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Breaking barriers: bringing charities and the NHS together to improve patient support

Bringing charities and the NHS together to improve patient support

by Polly Cook

We brought together leaders from charities and the NHS to discuss connecting people who are diagnosed with health conditions to charities that can support them.

It’s hard not to be blown away by the work happening across the charity sector to transform services to meet users’ needs in more scalable ways. We've seen brand new digitally enabled services designed to support communities that charities struggled to reach before. Some are completely changing how they're organised to meet ever-growing demand. We've also seen huge investment in capabilities to help charities drive forward into the digital age. Across the sector, there’s been brave shifts, all in a time of unprecedented demand and, in many cases, reduced resources.

For many health charities, reaching people close to the point of diagnosis is top of their priority list. Not only does evidence show that the time around diagnosis is one of the most worrying, anxious and sometimes isolating experiences for patients and their loved ones, it is also a critical time to access relevant and tailored information and support. The specialist advice and interventions offered by charities can significantly improve long term mental and physical health outcomes. Often, healthcare professionals are unable to provide this support themselves due to being overstretched and having neither the capacity or resources to meet these needs. This means that - at best - patients usually end up receiving a generic leaflet about their condition - which isn’t good enough.  

There is huge potential here, so we brought together a group of leading figures in the healthcare and charity space to share their thoughts and ideas on how we can solve this problem. 

Sharing and learning

The efforts already underway in this space were fantastic to hear about. This included Breast Cancer Now’s new ‘Here for You’ referral service, in which a single point of referral from a healthcare professional triggers a call from a trained volunteer who introduces services most relevant to the patient’s needs. Other examples include the Stroke Association, which is working towards developing a web-based referral portal that allows healthcare professionals to refer directly into their services, and Diabetes UK focusing on referral routes from both primary and secondary care. And yet, despite all these amazing efforts, to date, we are nowhere near achieving this in a standardised, scaled way. Referrals are still inconsistent, patchy and over-reliant on one-to-one relationships with healthcare professionals.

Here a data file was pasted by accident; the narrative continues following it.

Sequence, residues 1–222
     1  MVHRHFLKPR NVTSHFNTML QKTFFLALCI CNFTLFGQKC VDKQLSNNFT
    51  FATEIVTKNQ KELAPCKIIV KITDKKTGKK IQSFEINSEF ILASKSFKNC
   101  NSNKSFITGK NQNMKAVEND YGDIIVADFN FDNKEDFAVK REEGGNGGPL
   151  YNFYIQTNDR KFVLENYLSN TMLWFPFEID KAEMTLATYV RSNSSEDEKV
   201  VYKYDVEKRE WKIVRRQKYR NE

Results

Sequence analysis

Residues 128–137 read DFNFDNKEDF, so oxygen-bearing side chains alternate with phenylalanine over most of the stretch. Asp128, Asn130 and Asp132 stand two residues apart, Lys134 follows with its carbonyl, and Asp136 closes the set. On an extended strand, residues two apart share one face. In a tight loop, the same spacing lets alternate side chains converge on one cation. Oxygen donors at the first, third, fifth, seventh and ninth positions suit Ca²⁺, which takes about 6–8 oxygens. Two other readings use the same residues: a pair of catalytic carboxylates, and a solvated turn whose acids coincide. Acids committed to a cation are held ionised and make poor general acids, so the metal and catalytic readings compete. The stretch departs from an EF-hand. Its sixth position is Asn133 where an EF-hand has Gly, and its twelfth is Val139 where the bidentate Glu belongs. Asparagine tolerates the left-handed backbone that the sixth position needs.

"System-to-system pathways are the dream. Portals are a sticking plaster"

Creating efficiencies and positive outcomes 

We talked about how powerful it could be to shift the way we think of ourselves as separate ‘charity’ and ‘healthcare’ sectors, and instead view ourselves as one health ecosystem. There is a clear role that charities could play in advocating for people and supporting them to stay and live well, ensuring they don’t have to access healthcare as much as they do currently. 

"This is about creating efficiency in the system as well as positive health outcomes"

We discussed how the complexity of cases being handled across diseases - both in charity services and in the NHS - has increased since the pandemic. This puts the need for a more integrated healthcare journey (between NHS and specialist charities) for patients into even sharper focus.  

Questions were asked about how charities can get better at evidencing the positive experience and impact they provide for patients. If charities did this well it would underline their role as an equal-value service provider. For example, there is clear evidence to demonstrate the value of things like peer support and having the information to manage chronic conditions. The evidence is there, but the services aren’t being used/discovered. 

"The evidence is there to say what we bring, why is it not being used?"

There are also power dynamics to consider here. The ways in which services are commissioned in the NHS doesn’t enable work like this: emphasis is in the acute part of the system with a focus on backlogs and waiting lists. What can we do to influence this and demonstrate the critical role charities can play in supporting people to live well, outside of acute settings? 

The group also focused on how charities can challenge themselves to be doing more. Third sector organisations must not let themselves off the hook when saying “we want to be there for the most vulnerable”. We know patients being told that relevant charities exist isn’t enough - neither is just being given a leaflet. We need to design services that are accessible and reduce inequity.

Building for the future

The group demonstrated a real hunger to get this right and to mobilise each other, and the NHS more broadly, to do better for people at one of the most vulnerable times in their lives. More consistent and early direct referrals between diagnosing clinicians and specialist charities will benefit people living with long term conditions. There was a real appetite in the room to work together to change these systems for the better and as a group, we’ll be coming back together in November to focus on a couple of the opportunities we identified. 

If you’re interested to find out more or get involved please get in touch with Julie Wilson-Dodd or Polly Cook

We would like to thank all the charities and healthcare organisations that took part in this roundtable, including: Breast Cancer Now, Blood Cancer UK, Diabetes UK, Parkinson's UK, the Stroke Association, NHS MND Association, Pancreatic Cancer UK, and the MS Society. 

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